The CIS and Baltic Press on Russia

April 6, 2007


The media has been concerned that the signing of the Russian-Latvian border treaty may increase pressure on Estonia both from the European Union and Russia. “Now, Estonia remains the only Baltic nation not to have a border treaty with Russia. Who is to blame for this? Is it only Moscow that keeps talking about Estonia having joined the Soviet Union voluntarily, and ignoring the Tartu peace treaty? But the Latvians were even under stronger pressure from Moscow. Yet they have signed the treaty and feel quite comfortable… Riga has clearly realized, as Helsinki did at one time, that it is not possible to build relations with Russia exclusively through Brussels. It is hard to predict when Tallinn understands this as well.” (Postimees, March 28). “The EU hopes that the Latvian-Russian breakthrough will show the way for Estonia,” said spokeswoman for the European Commission Emma Udwin… A European official who preferred to remain anonymous said that the message for Tallinn is short – ‘Do it.’ Brussels does not care about the terms.” (Eesti Paevaleht, March 28). “Pressure on Estonia will be mounting, although it won’t be direct…In the 1990s, Russia continuously criticized Latvia for alleged violations of minority rights and exoneration of Nazism whereas now it is silent on Latvia’s score, and has even offered a reward – better terms of transit. Russian criticism is now spearheaded against Estonia… Russia not only wants to discredit Tallinn but also to set it at loggerheads with Riga.” (Eesti Paevaleht, March 28).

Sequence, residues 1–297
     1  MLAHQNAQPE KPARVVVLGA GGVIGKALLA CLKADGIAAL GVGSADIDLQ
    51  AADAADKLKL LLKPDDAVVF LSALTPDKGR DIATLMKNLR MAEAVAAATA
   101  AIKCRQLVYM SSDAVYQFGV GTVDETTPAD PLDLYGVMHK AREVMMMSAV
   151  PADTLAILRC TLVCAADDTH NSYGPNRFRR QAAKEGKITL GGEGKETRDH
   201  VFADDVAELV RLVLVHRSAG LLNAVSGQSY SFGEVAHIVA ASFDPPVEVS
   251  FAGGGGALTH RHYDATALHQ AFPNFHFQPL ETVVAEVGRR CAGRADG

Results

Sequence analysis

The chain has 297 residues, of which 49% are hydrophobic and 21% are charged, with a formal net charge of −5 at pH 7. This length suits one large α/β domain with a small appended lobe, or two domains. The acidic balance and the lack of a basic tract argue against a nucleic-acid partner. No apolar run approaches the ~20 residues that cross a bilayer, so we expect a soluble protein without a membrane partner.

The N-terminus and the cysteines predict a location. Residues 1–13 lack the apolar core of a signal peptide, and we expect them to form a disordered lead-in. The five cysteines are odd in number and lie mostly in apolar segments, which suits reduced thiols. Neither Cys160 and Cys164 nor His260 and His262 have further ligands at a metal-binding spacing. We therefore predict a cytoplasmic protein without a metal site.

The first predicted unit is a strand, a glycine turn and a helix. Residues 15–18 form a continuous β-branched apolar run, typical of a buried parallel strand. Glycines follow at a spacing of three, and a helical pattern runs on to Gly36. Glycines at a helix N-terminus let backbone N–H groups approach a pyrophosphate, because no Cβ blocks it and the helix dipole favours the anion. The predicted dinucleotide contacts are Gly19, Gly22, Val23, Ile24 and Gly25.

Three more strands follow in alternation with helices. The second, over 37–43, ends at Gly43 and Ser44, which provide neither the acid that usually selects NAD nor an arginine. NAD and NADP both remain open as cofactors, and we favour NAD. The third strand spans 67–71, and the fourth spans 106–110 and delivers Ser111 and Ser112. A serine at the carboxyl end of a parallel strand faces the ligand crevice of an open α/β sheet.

Most commentators believe that Russia and Latvia have concluded a mutually beneficial deal by signing the border treaty, even though it will not solve all bilateral problems. Having given up its territorial claims, Riga will be able to develop mutually advantageous economic cooperation with Russia. “By signing the treaty, the government has flung its doors open for Russia’s investment. Without an official document and Putin’s blessing, few Russian investors dared deal with Latvia. Meanwhile, Russia is bursting with petrodollars – so, why not invest them in a friendly EU country?” (Telegraf, March 28).The “dead donkey’s ears” that Putin had famously promised to Latvia instead of Pytalovo (a territory claimed by Latvia) is going to turn into something after all – a gas depot in Dobele and resumption of oil transit through Ventspils… The Latvian delegation’s major victory in Moscow was a gas breakthrough rather than a border treaty. Gas supplies, tariffs, and, most importantly, Latvia’s participation in the Nord Stream were discussed at top level, and, obviously with very good results.” (Telegraf, March 29).


The media writes that by signing a border treaty with Russia, Latvia has “betrayed” the Baltic interests. “Russia continues its carrot-and-stick policy towards the Baltic nations. Now that Latvia has signed this dubious border treaty with Russia, Riga will, most probably, receive a reward… Yesterday, President Putin mentioned that the Latvians can now expect Moscow’s gratitude.” (Lietuvos Rytas, March 29). “Why does Russia need Latvia? It is not difficult to guess, considering that Lithuania and Poland want to become self-sufficient in energy and are persuading other Baltic nations to do the same. Therefore, Latvia is very likely to be showered with Russian presents, and not because of its pragmatic approach to the border treaty. It seems that Latvia has been offered an all-embracing mega deal, whereas the border treaty is merely a cover-up for the real reasons behind the thaw in bilateral relations.” (Lietuvos Rytas, March 31).